Visit my homepage. I am a polymath and a rōnin scholar with interests in many areas, including political science, economics, history, and philosophy. I've been writing about all of these topics, and others, for the past two decades.
I live in Goshen, a semi-rural town, in Orange County New York. Technically the town is a suburb of New York City. But it's a lot more peaceful than NYC generally is. Maybe peaceful isn't the right word for it. There's been a name for this town, that's stuck around for many decades: "slow motion Goshen." Even the village itself is slow. But I live outside the village, so there aren't too many buildings in the area.
I watch a lot of anime. It's a diverse genre with many different art forms, covering just about every kind of story that people have conceived, from comedy and slice of life, to psychological horror. Anime isn't just for children. Indeed, many anime, including some very interesting, though quite disturbing, horror shows, would probably leave a child scarred.
Spices are wonderful additions to any cocktail bar. They make useful garnishes, but they can be part of the base flavor of a cocktail as well. One spice that I always have on hand is the long pepper. This relative of black pepper has a distinct sweet aroma and flavor, and adds a unique touch to cocktails.
I do a decent amount of investing. And I'll look into any service that streamlines the process. I recently decided to start a new experiment and I wanted to tell my readers a little about it.
I'm somewhat of an introvert, but I like being able to go out if and when I choose to do so. Not being in control of my environment is what troubles me the most. That's why I like bars. I can choose how social I want to be. If I want to strike up a conversation with someone at the bar, it's usually pretty easy to do. Most people are willing to chat with others who are sitting near them. I'm not sure why. There's just something more communal about sitting at a bar.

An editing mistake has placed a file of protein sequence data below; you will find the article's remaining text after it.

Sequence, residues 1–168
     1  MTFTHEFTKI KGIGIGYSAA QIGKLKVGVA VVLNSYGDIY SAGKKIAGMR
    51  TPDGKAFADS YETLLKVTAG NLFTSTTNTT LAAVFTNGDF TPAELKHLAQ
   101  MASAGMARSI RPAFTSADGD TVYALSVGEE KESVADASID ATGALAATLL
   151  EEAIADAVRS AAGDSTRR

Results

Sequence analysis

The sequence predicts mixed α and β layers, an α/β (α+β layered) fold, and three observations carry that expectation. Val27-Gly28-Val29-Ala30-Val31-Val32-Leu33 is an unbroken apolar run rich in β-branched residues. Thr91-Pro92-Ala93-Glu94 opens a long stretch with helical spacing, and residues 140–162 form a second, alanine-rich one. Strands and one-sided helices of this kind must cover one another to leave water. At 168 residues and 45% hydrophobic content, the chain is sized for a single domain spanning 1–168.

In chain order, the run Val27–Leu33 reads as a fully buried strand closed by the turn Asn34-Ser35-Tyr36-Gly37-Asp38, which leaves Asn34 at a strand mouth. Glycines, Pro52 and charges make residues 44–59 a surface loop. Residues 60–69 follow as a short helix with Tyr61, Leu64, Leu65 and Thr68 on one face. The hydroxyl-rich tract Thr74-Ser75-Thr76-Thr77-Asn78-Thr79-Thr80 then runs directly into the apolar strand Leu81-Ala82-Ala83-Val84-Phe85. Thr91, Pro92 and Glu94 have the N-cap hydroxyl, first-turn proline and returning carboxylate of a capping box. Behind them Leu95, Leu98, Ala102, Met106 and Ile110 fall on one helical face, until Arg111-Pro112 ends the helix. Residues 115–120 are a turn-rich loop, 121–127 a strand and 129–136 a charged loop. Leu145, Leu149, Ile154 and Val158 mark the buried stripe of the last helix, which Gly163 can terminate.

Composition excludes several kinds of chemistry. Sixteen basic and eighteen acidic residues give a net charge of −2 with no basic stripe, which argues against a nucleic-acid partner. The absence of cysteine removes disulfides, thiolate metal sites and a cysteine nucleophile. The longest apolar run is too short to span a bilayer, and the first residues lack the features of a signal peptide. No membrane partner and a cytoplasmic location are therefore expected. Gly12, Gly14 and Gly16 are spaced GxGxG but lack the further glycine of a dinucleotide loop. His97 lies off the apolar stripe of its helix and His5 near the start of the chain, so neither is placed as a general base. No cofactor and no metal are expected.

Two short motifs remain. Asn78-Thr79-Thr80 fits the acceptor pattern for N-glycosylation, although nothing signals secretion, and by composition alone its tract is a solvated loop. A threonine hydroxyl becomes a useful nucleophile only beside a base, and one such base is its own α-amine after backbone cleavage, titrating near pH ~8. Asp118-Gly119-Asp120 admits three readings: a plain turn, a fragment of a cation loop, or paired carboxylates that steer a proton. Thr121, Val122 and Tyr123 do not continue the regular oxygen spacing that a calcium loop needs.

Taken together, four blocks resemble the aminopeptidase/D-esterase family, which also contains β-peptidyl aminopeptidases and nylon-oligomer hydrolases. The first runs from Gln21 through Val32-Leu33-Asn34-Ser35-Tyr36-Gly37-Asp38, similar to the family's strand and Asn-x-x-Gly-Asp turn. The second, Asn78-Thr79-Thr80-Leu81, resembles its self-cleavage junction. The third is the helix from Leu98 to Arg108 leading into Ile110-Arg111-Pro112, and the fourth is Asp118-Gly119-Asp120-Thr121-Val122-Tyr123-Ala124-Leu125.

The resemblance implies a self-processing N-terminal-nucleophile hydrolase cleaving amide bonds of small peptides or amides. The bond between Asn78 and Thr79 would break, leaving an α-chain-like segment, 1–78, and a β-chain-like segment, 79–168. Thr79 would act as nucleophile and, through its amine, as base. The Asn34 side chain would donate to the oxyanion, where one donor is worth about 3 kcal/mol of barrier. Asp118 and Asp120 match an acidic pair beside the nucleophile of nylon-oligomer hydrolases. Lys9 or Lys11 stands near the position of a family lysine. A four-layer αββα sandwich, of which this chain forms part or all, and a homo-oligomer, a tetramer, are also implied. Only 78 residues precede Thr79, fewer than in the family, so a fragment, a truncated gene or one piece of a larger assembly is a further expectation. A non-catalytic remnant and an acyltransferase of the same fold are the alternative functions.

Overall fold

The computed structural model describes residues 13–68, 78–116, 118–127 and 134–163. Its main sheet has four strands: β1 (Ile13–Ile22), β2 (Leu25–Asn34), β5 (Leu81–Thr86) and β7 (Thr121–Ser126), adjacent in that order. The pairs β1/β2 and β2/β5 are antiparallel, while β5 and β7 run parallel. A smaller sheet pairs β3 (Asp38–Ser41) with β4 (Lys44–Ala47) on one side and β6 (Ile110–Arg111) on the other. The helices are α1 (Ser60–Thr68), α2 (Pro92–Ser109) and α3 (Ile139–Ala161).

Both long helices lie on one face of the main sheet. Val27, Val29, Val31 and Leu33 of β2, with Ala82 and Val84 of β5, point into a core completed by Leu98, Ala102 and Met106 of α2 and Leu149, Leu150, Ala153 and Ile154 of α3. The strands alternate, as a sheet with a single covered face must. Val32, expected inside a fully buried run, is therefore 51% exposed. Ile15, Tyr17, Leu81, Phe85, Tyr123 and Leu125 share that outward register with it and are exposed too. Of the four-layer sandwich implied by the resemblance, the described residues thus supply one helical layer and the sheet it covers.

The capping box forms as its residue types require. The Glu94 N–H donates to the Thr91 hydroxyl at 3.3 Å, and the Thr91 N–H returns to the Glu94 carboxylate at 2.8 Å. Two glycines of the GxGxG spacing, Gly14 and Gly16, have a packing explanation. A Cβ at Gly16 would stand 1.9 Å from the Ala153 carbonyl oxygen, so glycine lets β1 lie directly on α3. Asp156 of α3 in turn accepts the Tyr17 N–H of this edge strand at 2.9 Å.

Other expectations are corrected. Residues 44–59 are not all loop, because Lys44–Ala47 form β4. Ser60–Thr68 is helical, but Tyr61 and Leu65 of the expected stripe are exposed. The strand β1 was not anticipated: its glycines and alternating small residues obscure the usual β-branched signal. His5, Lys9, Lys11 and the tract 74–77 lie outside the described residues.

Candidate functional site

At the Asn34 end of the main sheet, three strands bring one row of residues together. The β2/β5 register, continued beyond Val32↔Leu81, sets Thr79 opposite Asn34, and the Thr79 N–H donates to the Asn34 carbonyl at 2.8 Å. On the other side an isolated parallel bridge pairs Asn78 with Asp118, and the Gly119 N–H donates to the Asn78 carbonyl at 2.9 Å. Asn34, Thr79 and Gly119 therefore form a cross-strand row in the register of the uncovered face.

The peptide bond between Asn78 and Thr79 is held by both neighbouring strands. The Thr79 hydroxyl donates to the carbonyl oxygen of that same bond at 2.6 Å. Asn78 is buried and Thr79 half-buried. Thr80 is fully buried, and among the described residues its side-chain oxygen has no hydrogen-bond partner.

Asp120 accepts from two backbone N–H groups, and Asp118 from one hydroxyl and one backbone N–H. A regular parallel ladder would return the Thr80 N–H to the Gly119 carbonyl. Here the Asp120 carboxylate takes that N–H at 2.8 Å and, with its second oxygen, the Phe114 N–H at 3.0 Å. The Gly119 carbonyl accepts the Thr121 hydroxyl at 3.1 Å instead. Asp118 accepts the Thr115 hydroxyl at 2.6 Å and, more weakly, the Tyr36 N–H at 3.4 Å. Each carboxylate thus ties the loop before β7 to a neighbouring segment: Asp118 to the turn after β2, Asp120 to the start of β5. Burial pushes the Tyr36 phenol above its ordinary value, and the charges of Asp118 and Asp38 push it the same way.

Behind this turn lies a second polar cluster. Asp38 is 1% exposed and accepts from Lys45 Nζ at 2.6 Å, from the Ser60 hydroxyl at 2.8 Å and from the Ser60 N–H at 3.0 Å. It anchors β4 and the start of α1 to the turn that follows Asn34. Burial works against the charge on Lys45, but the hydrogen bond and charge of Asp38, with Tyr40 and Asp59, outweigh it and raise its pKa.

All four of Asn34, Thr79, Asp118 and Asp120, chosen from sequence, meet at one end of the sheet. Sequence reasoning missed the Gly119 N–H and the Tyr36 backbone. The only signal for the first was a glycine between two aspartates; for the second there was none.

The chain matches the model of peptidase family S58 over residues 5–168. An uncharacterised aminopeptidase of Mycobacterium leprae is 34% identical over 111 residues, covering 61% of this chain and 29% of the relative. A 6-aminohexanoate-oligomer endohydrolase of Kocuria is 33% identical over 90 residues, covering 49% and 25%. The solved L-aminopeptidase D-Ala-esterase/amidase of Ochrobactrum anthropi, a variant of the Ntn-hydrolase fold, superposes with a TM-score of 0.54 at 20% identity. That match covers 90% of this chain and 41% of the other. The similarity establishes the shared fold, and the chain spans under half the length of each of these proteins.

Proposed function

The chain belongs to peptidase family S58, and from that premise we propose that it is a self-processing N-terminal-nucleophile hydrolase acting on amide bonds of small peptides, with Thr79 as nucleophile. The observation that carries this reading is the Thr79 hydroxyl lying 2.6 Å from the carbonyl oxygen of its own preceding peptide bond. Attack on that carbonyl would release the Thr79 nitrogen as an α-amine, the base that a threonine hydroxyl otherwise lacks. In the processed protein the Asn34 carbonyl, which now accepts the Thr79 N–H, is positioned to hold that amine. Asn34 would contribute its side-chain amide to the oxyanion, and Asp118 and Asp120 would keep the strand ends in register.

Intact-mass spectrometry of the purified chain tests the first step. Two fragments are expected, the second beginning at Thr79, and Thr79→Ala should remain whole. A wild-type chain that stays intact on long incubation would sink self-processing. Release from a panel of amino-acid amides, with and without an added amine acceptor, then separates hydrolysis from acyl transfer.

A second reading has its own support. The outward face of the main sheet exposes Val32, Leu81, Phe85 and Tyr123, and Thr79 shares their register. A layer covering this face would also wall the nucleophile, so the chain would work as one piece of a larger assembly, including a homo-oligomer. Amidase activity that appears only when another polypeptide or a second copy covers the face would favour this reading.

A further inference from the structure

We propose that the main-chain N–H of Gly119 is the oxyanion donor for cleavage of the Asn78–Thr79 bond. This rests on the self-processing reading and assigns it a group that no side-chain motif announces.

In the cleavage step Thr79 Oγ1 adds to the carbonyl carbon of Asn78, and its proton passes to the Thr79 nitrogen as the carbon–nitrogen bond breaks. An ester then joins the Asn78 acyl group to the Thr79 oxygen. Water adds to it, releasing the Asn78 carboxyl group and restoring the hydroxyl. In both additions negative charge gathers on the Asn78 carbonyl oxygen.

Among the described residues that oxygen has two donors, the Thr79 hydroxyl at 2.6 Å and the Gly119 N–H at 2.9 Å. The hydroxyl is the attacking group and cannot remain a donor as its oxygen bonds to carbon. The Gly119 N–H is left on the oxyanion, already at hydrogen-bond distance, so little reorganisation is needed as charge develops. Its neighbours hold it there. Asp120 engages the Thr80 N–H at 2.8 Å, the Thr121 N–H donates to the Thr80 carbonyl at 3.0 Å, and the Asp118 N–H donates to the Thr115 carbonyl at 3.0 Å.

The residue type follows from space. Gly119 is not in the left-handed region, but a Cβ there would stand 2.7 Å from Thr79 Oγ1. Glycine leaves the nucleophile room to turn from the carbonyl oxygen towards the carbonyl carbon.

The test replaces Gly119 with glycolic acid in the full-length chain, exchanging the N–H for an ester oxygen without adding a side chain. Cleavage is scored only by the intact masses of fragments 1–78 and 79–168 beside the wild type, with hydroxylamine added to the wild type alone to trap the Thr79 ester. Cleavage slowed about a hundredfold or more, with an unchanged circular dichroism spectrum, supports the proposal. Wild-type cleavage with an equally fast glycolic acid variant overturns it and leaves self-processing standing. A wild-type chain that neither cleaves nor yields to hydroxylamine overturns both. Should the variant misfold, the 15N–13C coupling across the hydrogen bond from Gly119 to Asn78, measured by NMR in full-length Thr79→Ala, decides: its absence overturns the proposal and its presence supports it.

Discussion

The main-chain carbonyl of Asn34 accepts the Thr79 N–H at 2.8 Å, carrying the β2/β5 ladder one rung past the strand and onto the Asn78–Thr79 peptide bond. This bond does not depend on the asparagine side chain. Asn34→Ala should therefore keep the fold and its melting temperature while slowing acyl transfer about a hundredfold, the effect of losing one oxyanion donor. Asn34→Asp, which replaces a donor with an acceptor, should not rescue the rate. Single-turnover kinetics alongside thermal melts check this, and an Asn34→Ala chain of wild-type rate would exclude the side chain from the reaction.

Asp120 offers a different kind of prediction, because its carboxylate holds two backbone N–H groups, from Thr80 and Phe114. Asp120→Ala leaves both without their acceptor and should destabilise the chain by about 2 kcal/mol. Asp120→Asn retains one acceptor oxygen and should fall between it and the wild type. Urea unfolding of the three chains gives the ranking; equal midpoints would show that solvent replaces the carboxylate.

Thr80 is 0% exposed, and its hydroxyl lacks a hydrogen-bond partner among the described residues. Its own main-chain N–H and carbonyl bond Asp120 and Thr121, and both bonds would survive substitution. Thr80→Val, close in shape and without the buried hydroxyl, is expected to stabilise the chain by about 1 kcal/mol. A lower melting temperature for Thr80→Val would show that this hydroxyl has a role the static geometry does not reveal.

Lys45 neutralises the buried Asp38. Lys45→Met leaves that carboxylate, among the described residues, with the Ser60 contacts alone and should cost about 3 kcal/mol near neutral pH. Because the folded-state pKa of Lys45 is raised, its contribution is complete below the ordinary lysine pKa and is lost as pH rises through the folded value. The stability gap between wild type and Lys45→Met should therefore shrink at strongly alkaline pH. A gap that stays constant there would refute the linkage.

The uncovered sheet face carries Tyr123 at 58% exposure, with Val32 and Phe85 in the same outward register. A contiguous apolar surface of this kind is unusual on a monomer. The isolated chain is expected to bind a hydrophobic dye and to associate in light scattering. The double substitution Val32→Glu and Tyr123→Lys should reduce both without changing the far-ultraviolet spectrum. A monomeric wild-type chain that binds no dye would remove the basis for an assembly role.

Modern technology has made the world's economies more global than ever before. As a result, we're very much dependent on each other for our survival. To an extent, socioeconomic interdependence is a good thing. It helps foster peace. It also creates a more efficient economy, in general. But there are some down sides.
COVID-19 is changing how we live our lives. It's done so in an extreme way. But we should always be concerned about the threat of infections that surround us. Unfortunately, to this day, there is no reasonable general purpose reporting system in place to help us make decisions to avoid these threats. Why not? Does it make sense that in an era of data availability that the population must remain generally ignorant about the level of risk from infectious diseases?
Dear Readers, I hope that you'll allow me to do some venting. While I'll admit that even I was blindsided by the timing of the COVID-19 pandemic, I'm really not at all surprised that it happened. I was expecting something like it. Hell, I'm still expecting something far worse. I've warned about such things for some time, and I've written about my warnings here and elsewhere.